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“Yelde the, Persë,” sayde the Doglas,
“and i feth I shalle the brynge Wher thowe shalte have a yerls wagis
of Jamy our Skottish kynge.
“Thou shalte have thy ransom fre,
I hight the hear this thinge;
that ever I conqueryd in filde fighttynge.”
“Nay,” sayd the lord Persë,
“I toļde it the beforne, That I wolde never yeldyde be
to no man of a woman born."
With that ther cam an arrowe hastely,
forthe off a myghtte wane:20 Hit hathe strekene the yerle Duglas
in at the brest-bane.
Thorowe lyvar and longes bathe
the sharpe arrowe ys gane, That never after in all his lyffe-days
he spayke mo wordes but ane: That was, “Fyghte ye, my myrry men, whyllys ye
may, for my lyff-days ben gan.”
The Persë leanyde on his brande,
and sawe the Duglas de; He tooke the dede mane by the hande,
and sayd, “Wo ys me for the!
"To have savyde thy lyffe, I wolde have partyde
with my landes for years thre, For a better man, of hart nare of hande, was nat in all the north contre.” 25 promise.
Off all that se a Skottishe knyght,
was callyd Ser Hewe the Monggombyrry; He sawe the Duglas to the deth was dyght,
he spendyda' a spear, a trusti tre.
He rod uppone a corsiare
throughe a hondrith archery: He never stynttyde, nar never blane, 28
tylle he cam to the good lord Persë.
He set uppone the lorde Persë
a dynte that was full soare; With a suar spear of a myghtte tre
clean thorow the body he the Persë ber,
A the tothar syde that a man myght se
a large cloth-yard and mare: Towe bettar captayns wear nat in Cristiante
then that day slan wear ther.
An archar off Northomberlonde
sayao slean was the lord Persë; He bar a bende bowe in his hand,
was made off trusti tre.
An arow, that a cloth-yarde was lang,
to the harde stele halydes he; A dynt that was both sad and soar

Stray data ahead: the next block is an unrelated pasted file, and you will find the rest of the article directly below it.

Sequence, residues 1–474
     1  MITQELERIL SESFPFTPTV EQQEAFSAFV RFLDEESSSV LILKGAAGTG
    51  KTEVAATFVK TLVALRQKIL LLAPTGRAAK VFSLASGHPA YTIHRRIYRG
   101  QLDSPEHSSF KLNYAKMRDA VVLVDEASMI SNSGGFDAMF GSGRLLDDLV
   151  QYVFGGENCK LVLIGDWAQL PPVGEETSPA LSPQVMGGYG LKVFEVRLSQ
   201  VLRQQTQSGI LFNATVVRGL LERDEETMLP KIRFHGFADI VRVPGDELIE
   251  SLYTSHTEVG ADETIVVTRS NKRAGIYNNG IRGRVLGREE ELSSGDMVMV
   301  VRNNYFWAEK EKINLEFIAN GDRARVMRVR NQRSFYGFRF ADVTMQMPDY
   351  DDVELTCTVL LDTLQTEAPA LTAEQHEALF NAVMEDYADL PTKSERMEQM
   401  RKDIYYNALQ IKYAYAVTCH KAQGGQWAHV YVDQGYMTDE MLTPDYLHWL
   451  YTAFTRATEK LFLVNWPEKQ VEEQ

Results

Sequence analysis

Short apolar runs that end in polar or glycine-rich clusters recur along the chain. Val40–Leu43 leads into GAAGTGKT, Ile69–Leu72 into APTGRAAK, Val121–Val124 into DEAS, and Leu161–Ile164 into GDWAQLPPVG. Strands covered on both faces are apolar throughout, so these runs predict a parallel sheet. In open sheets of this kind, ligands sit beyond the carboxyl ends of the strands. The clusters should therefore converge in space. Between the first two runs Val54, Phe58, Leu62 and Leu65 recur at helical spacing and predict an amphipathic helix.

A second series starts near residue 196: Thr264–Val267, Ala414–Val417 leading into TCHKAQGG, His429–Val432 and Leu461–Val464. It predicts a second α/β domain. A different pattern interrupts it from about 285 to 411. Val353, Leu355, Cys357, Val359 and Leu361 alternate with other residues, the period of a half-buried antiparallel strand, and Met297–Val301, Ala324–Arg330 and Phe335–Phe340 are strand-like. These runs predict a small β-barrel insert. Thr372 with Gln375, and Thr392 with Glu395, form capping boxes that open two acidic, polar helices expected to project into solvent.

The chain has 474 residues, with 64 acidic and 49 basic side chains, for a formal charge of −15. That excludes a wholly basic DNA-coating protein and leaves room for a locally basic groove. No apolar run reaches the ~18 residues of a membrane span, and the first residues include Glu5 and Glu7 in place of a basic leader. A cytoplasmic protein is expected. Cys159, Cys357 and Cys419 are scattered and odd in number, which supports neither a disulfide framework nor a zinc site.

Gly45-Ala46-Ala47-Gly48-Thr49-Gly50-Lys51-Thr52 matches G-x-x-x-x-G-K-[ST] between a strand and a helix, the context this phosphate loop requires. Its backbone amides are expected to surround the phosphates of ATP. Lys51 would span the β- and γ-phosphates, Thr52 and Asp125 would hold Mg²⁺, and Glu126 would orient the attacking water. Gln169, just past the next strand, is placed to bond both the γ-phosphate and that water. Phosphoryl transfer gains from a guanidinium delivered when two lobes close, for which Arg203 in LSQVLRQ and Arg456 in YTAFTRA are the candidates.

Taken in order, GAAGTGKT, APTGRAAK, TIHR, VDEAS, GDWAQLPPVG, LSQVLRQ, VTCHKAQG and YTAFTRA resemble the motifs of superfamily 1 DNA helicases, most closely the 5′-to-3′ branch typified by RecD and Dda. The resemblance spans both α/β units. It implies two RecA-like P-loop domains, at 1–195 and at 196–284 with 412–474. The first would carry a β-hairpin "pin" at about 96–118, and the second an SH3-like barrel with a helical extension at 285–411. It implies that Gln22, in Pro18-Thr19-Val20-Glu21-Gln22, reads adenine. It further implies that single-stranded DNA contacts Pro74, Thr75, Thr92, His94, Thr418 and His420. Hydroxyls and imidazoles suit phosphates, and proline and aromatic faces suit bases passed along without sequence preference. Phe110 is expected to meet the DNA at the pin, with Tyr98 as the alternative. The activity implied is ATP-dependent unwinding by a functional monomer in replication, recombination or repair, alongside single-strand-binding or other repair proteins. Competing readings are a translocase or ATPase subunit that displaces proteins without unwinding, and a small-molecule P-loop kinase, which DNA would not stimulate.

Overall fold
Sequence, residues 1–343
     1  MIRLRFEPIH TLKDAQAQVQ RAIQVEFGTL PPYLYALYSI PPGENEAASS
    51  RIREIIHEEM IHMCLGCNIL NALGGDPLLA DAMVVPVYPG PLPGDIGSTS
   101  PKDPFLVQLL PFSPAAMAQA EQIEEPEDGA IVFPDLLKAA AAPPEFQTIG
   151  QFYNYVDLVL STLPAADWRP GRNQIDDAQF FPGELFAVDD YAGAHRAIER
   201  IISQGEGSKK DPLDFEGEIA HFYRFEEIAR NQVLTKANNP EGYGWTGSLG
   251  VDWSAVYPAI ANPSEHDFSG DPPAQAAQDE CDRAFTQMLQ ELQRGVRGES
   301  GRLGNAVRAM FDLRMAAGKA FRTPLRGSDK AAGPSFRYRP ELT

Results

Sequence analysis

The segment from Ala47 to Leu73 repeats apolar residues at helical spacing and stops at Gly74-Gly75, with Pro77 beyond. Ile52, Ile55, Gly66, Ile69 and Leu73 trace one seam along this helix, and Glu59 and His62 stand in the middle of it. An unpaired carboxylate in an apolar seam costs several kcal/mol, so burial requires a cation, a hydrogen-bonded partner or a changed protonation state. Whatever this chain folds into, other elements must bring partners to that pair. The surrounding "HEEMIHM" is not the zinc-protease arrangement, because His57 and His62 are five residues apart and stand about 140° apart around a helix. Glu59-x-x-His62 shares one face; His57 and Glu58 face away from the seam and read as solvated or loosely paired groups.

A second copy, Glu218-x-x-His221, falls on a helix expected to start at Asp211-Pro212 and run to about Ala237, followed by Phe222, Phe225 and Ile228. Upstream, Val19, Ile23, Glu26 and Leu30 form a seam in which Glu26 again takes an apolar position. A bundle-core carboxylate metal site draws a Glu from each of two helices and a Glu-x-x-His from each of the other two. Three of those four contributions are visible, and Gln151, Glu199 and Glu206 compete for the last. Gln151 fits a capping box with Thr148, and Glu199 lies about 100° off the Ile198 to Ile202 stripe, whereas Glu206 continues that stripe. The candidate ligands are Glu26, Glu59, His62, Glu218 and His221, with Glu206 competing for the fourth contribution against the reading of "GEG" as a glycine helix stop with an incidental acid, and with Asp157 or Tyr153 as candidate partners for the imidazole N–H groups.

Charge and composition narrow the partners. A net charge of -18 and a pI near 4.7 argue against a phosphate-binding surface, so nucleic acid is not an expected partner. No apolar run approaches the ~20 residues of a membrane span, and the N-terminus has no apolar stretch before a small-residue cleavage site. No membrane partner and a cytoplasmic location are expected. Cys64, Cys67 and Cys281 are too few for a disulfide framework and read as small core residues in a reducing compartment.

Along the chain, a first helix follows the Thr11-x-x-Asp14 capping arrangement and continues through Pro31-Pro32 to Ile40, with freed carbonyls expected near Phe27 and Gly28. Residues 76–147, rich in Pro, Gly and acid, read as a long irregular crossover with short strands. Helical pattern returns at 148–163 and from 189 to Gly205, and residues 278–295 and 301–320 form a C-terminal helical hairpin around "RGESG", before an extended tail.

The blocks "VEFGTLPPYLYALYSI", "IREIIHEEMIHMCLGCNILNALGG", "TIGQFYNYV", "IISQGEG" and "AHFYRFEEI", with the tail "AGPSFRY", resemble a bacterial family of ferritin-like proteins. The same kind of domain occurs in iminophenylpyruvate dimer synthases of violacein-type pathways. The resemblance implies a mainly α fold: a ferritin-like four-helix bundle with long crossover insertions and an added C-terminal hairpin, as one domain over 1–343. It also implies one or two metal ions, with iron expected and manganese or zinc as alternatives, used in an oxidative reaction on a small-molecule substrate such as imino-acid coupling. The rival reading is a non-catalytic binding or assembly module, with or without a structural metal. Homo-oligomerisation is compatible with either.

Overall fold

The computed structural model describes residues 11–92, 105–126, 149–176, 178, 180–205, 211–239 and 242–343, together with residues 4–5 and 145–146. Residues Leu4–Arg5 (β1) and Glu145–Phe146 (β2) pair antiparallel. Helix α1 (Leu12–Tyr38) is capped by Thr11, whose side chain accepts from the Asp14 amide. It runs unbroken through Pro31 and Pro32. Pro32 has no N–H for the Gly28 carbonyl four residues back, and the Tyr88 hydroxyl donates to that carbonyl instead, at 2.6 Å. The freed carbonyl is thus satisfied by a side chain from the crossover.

he sat31 on Ser Hewe the Monggombyrry.
The dynt yt was both sad and sar,
that he of Monggomberry sete; The swane-fethars that his arrowe bar
with his hart-blood the wear wete.
Ther was never a freake wone foot wolde fle,
but still in stour dyd stand, Heawyng on yche othar, whylle the myghte dre, 82 This battell begane in Chyviat
with many a balfull brande. 27 grasped. 28 stopped. 29 saw. 30 drew. 31 set upon. $2 endure.
an owar before the none, And when even-songe bell was rang,
the battell was nat half done.
The tocke ... 33 on ethar hande
be the lyght off the mone; Many hade no strenght for to stande,
in Chyviat the hillys abon.
Of fifteen hondrith archars of Ynglonde
went away but seventi and thre; Of twenti hondrith spear-men of Skotlonde,
but even five and fifti.
But all wear slayne Cheviat within;
the hade no strengthe to stand on hy; The chylde may rue that ys unborne,
it was the mor pitte.
Thear was slayne, withe the lord Persë,
Sir Johan of Agerstone,
Ser Wyllyam, the bolde Hearone.
Ser Jorg, the worthe Loumle,
a knyghte of great renowen, Ser Raff, the ryche Rugbe,
with dyntes wear beaten dowene.
For Wetharryngton my harte was wo,
that ever he slayne should be; For when both his leggis wear hewyne in to,
yet he knyled and fought on hys kny.
Ther was slayne, with the dougheti Duglas,
Ser Hewe the Monggombyrry,
his sistars son was he. W break in the text.
Ser Charls a Murre in that place,
that never a foot wolde fle; Ser Hewe Maxwelle, a lorde he was,
with the Doglas dyd he dey.
So on the morrowe the mayde them by ears
off birch and hasell so grey; Many wedous, with wepying tears,
cam to fache ther makys away.
Tivydale may carpe off care,
Northombarlond may mayk great mon,
on the March-parti shall never be non.
Word ys commen to Eddenburrowe,
to Jamy the Skottische kynge, That dougheti Duglas, lyff-tenant of the Marches he lay slean Chyviot within.
His handdes dyd he weal and wryng,
he sayd, “Alas, and woe ys me! Such an othar captayn Skotland within,”
he sayd, "ye-feth shuld never be.”
Worde ys commyn to lovly Londone,
till the fourth Harry our kynge, That lord Persë, leyff-tenante of the Marchis,
he lay slayne Chyviat within.
“God have merci on his solle,” sayde Kyng Harry,
"good Lord, yf thy will it be! I have a hondrith captayns in Ynglonde,” he sayd,
“as good as ever was he: But, Persë, and I brook my lyffe, thy deth well quyte shall be.”
As our noble kynge mayd his avowe,
lyke a noble prince of renowen, For the deth of the lord Persë
he dyde the battell of Hombyll-down;
Wher syx and thritte Skottishe knyghtes
on a day wear beaten down:
over castille, towar, and town.
This was the hontynge off the Cheviat,
that tear38 began this spurn;37 Old men that knowen the grownde well yenoughe.
call it the battell of Otterburn.
At Otterburn begane this spurne
uppone a Monnynday;
the Persë never went away.
Ther was never a tym on the Marche-partes
sen the Doglas and the Persë met, But yt ys mervele and the rede blude ronne not,
as the reane38 doys in the stret.
Ihesue Crist our balys bete,39
and to the blys us brynge!
“O WHERE have you been, my long, long love,
This long seven years and mair?”